Helping communities discover and develop the economic power of America's train stations.Start Your Station Project
 
Uncategorized

Washington Union Station Statues Restored

By March 4, 2020 No Comments
People walking through a large, brightly lighted hall.
Thirty-six statues representing Roman legionnaires ring the balcony level of Washington Union Station’s Main Hall.

WASHINGTON, D.C. – For more than a century, visitors to Washington Union Station have passed beneath the watchful gaze of 36 Roman legionnaire statues perched around the impressive Main Hall, known for its barrel-vaulted ceiling with gilded coffers. The cast plaster statues, depicting legionnaires in various poses with eagle-adorned shields, tunics, capes and helmets, were designed by Louis Saint-Gaudens and installed in 1912. They had not been comprehensively cleaned and inspected since the station underwent a multi-year, $160 million restoration in the mid-1980s. Over the following three decades, they were subject to accumulations of dust and bird droppings and fluctuations in temperature and humidity. 

Architectural restoration contractor John Canning & Co. of Cheshire, Conn., was chosen by the Union Station Redevelopment Corporation (USRC) to restore the statues and vestibules. The USRC, a non-profit organization that manages Union Station, was created in 1983 to preserve and restore the station’s historic and architectural significance, preserve its long-term function as a multi-use transportation center and enhance retail and amenities. 

Close-ups of the head, arm and hand of a plaster statue of a man.
Over the decades, the cast plaster statues had suffered from, left to right, material loss, bird droppings and dust accumulation. Images: John Canning & Co.

From August to November 2019, skilled restoration specialists undertook an initial treatment assessment and report for each statue to assess damage. Restoration work included cleaning the surfaces with a conservation cleaning agent, followed by plaster repairs and infilling, and inpainting to match the existing patina. According to the USRC, the project was partially funded by a Transportation Alternatives Program grant administered by the District Department of Transportation (DDOT). The soldiers now stand ready to greet another generation of travelers as the station prepares for a series of major infrastructure enhancements.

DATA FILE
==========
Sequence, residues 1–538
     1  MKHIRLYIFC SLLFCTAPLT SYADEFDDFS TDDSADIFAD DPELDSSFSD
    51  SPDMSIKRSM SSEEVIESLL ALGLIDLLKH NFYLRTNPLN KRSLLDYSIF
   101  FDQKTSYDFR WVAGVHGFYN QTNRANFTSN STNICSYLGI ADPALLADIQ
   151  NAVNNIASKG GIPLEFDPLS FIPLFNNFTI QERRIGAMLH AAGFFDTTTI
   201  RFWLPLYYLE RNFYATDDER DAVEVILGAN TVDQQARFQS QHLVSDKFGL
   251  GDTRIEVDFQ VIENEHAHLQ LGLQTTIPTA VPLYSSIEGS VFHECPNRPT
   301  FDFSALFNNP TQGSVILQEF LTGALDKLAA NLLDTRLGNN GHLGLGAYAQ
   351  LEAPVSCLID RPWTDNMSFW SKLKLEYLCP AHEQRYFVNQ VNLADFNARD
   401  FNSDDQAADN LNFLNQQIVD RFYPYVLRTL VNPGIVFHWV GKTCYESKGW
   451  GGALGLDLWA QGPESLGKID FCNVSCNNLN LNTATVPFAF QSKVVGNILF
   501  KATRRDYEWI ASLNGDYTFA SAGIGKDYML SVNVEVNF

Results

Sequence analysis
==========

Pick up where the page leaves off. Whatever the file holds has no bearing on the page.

It was exciting to be a part of the team that worked to revive the history and restore the integrity of the legionnaires at Washington Union Station, a building that plays such a central role in the Washington, D.C., community.

Kara Waznis, Director of Projects, John Canning & Co.

“It has been an honor to apply our crafts at one of America’s civic architectural treasures. When working in the Main Hall balcony, we were witness to seeing thousands walk through the Grand Foyer of Washington, D.C.,” said John Canning & Co. Principal David Riccio. “For many, it is their first sight when arriving into the heart of our democracy. What a space, what a welcoming place.” 

“The statues that guard the interior of Union Station are cast plaster treated with a unique method to imitate the surrounding stone. As a craftsman myself, it was a real honor to have a hand in the conservation of Louis Saint-Gaudens’ Roman legionnaires,” added Project Manager David Gough.  

Close-ups of a head, hand and foot of a plaster statue of a man.
Skilled restoration specialists cleaned the surfaces with a conservation cleaning agent, left, and infilled missing sections of plaster, center and right. Images: John Canning & Co.

Completed in 1908, Union Station inspires visitors with its exquisitely detailed neoclassical architecture even though its bones are modern concrete and steel. More than 100,000 visitors pass through the building each day, including passengers using Amtrak, Maryland Area Regional Commuter (MARC) rail and Virginia Railway Express (VRE), Metro subway trains and buses, taxis, tourist buses, intercity buses and Capital Bikeshare. The building is also a popular shopping and dining destination for residents of the surrounding Capitol Hill neighborhood and the city at large.  

Amtrak, in coordination with the USRC, WMATA, DDOT, Maryland Transit Administration/MARC, VRE and Federal Railroad Administration, is currently pursuing the Passenger Concourse Modernization Project. It’s the first set of improvements to come to life as part of the Washington Union Station 2nd Century Plan, a comprehensive initiative that seeks to triple passenger capacity and double train capacity over the next 20 years.  

The Claytor Concourse serving Amtrak and commuter customers, located north of the Main Hall, will be reconfigured and modernized to double its capacity. The project will help alleviate congested conditions and enhance passenger comfort and accessibility, while enlivening the space with new architectural finishes and natural light. Among the amenities planned are new restrooms, accessibility for customers with disabilities, a new and expanded Metropolitan Lounge (formerly ClubAcela), and additional seating options with electrical outlets for travelers as they wait for their connections. Passenger boarding gates will be realigned for an improved boarding experience.  

Posted March 4, 2020